We work in an increasingly mobile-oriented world. The Pew Research Center found that the use of phones to read email doubled between 2009 and 2013, and the November 2014 Ericsson Mobility Report estimates that smartphone subscriptions and traffic per phone will have respective annual growth rates of 15% and 25% until 2020. These trends raise many questions, especially for email marketers. Here are two we wanted to answer: “What will mobile’s impact be on email engagement? And can email campaign design counteract changing engagement rates?”
We analyzed a random subset of email addresses that MailChimp sends to and determined their corresponding devices from their user agent strings. For each address in our sample, we considered the device that registered the most clicks to be that user's preferred device. To focus on recipients that actually engage with email, only addresses that had clicked on an email campaign since the beginning of 2013 were considered.
We aggregated sends and clicks to these addresses from MailChimp users within a 6 month period to see how preferred device impacts engagement. We looked to see if use of our Inbox Preview feature and responsive templates help engage mobile subscribers, and we looked at how different links within a campaign are impacted.
Readers click less on mobile
What did we find out? For starters, PCs, tablets, and mobile devices accounted for 64%, 9%, and 27% of email addresses, and 72%, 9%, and 18% of clicks, respectively. Right off the bat, we could tell that PC users click more.
Next, we calculated click rates at the address/campaign level. Unique click rates measure what percentage of sends received at least one click, and total click rates allow for multiple clicks for a single recipient/campaign. We found that PC and tablet users have unique click rates of 3.8%, a 40% increase over the 2.7% mobile click rate.
Unique click rates for PC and tablet users are similar, but PC users who click tend to click more links per email than tablet users, resulting in a 6.7% total click rate for PC users and a 5.6% rate for tablet users.
Recipients who use mobile phones had unique and total click rates of 2.7% and 3.9%, worse than all other device categories. Of the three platforms, PC users are more likely to click on an email, and those that do tend to click on a larger number of links within that email.
Deeper links get fewer clicks
We now know that a huge chunk of users read email on mobile devices and that they have lower click rates, but does this impact all parts of a campaign? To answer this, we classified links by how far into a campaign they were and calculated click rates. We did this by determining whether a link was the first, second, third, etc. within a campaign. We then counted the total number of sends and clicks to each link depth for various types of campaigns and users. (We only considered links with a depth of 10 or less to focus on link depths that are more commonly found in email campaigns.)
Although campaigns have total click rates of 4%-6%, these clicks are not distributed evenly across all links in a campaign. In reality, any single link probably has a click rate of .25%-1.5%. PC and tablet users still have higher click rates, but deeper links get fewer clicks for all devices. The fifth link in a campaign typically gets half as many clicks as the first link.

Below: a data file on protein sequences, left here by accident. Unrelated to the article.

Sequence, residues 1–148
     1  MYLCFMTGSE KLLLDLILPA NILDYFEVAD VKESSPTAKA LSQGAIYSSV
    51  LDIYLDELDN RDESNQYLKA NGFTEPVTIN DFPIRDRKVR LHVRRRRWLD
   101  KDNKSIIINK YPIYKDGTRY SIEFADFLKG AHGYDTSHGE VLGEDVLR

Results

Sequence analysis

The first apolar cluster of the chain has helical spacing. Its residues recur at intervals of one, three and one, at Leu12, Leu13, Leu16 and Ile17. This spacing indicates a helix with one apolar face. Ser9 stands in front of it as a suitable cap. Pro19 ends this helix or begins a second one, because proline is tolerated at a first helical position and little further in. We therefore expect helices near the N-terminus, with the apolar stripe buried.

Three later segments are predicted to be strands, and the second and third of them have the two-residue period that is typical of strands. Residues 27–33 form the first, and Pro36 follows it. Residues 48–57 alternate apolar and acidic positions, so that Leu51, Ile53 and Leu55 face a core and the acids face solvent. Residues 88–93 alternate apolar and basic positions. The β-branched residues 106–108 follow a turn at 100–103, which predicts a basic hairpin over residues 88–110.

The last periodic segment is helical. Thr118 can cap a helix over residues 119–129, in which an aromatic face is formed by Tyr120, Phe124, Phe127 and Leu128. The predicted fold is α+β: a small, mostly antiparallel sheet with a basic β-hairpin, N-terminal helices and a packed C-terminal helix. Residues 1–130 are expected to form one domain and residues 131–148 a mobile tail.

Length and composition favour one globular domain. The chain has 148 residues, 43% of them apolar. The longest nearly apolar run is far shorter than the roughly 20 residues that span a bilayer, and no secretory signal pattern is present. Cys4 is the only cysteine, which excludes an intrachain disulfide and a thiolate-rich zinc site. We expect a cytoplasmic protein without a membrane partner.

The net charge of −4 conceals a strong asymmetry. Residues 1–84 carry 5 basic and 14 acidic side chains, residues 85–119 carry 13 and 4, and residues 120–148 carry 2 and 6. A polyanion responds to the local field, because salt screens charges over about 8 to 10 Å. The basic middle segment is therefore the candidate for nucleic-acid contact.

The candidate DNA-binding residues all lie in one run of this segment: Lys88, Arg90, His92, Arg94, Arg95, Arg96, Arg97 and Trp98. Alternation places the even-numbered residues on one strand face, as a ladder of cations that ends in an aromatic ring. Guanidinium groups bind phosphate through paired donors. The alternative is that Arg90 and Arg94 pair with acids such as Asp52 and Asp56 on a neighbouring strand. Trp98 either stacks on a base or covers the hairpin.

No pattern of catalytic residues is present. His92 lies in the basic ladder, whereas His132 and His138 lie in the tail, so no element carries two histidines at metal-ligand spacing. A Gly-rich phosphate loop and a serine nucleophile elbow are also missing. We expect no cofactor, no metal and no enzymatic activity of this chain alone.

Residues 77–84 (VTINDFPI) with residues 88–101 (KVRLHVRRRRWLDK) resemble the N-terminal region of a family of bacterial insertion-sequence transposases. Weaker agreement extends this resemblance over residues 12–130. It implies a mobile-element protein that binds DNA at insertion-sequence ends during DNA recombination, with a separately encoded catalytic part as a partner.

Responsive design can improve engagement
There is some cause for concern here, but there’s also hope. First up: responsive email design, which adapts to different devices and screen sizes. Our research shows that MailChimp’s responsive email templates get higher click rates on all devices. They are particularly effective on mobile users, where the increase in unique clicks from 2.7% to 3.1% represents a 15% increase in actual clicks.
Campaigns that use responsive templates have higher click rates in general, but the impact seems to be mixed at the link-depth level. Only the first 3-5 links typically see a benefit from the use of a responsive template.
If you’re a MailChimp user, another tool at your service is Inbox Preview. This feature allows you to see what your campaign will look like on various devices before you hit send, giving you the opportunity to tweak your content or design if necessary. Responsive templates increase clicks by 5%-15%, but Inbox Preview increases clicks by 13%-24%. It works particularly well for mobile and tablet users.
Using Inbox Preview results in more evenly distributed clicks throughout a campaign. Click rates for links at the top decline slightly, but this is counteracted by much higher click rates on deeper links. Click rates for the tenth link in inspected campaigns were double those of non-tested campaigns and were comparable to rates for the fifth link in non-tested campaigns.
Taking a more conscious approach to designing your campaigns will help your content fit the screens and attention spans of mobile recipients. Will this all get thrown up into the air once Android Wear, Apple Watch, and Google Glass become the norm? It's too early to say, but for now, your best bet is to design emails that look good on devices of all sizes. It's always better to be ahead of the game than behind the times.